NotesFAQContact Us
Search Tips
Peer reviewed Peer reviewed
Direct linkDirect link
ERIC Number: EJ837351
Record Type: Journal
Publication Date: 2005-Jun
Pages: 24
Abstractor: As Provided
Reference Count: 54
ISSN: ISSN-0965-0792
Researching Thinking Skills Strategies in a Primary School: Challenging Technical-Rationalist Orthodoxies of Learning?
Edwards, Gail
Educational Action Research, v13 n2 p213-236 Jun 2005
Relatively few studies have attempted to understand the beliefs young pupils have about the mind and learning. This collaborative action research study set out to explore the impact of a thinking skills pedagogy upon a sample of primary school children's learning and beliefs about learning over a period of 18 months. It was found that young children were capable of substantiating beliefs with evidence and reasonable argument - one indicator of intellectual autonomy. Furthermore, over time, children were able to articulate an increasingly constructivist model of mind and learning. However, the findings also suggest that, for some children, intellectual autonomy may have been hindered by current United Kingdom curriculum and assessment policy; a technical-rationalist, competitive, transmission model of education still persisted in the perceptions of some children with regard to perceived classroom expectations. Throughout the discussion, the author grounds the action research project in philosophical theory to explore the extent to which a philosophical schism is creating this tension and impeding revision in education. As a means of resolving this tension, the potential of constructivist and sociocultural views of learning is also discussed.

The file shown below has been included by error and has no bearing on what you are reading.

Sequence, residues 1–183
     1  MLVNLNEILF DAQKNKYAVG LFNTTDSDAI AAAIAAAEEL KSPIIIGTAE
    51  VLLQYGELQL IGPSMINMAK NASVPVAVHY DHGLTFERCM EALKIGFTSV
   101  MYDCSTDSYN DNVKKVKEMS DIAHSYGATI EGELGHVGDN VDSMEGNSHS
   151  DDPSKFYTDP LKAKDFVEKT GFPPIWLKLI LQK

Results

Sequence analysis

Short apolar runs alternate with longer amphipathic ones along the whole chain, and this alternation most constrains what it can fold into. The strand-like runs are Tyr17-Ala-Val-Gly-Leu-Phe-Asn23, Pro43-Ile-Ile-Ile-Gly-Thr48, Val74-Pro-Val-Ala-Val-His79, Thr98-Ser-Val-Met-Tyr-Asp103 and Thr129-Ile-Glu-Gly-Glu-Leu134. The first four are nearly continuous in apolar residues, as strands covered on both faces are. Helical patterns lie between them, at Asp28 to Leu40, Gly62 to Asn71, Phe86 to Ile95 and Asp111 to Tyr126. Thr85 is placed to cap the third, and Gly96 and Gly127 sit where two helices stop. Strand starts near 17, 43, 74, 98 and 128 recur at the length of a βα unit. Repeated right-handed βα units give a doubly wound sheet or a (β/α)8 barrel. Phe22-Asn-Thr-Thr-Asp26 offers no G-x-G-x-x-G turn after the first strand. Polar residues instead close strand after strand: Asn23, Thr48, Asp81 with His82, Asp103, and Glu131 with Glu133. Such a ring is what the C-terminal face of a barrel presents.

Routledge. Available from: Taylor & Francis, Ltd. 325 Chestnut Street Suite 800, Philadelphia, PA 19106. Tel: 800-354-1420; Fax: 215-625-2940; Web site:
Publication Type: Journal Articles; Reports - Evaluative
Education Level: Elementary Education
Audience: N/A
Language: English
Sponsor: N/A
Authoring Institution: N/A
Identifiers - Location: United Kingdom; United Kingdom (England)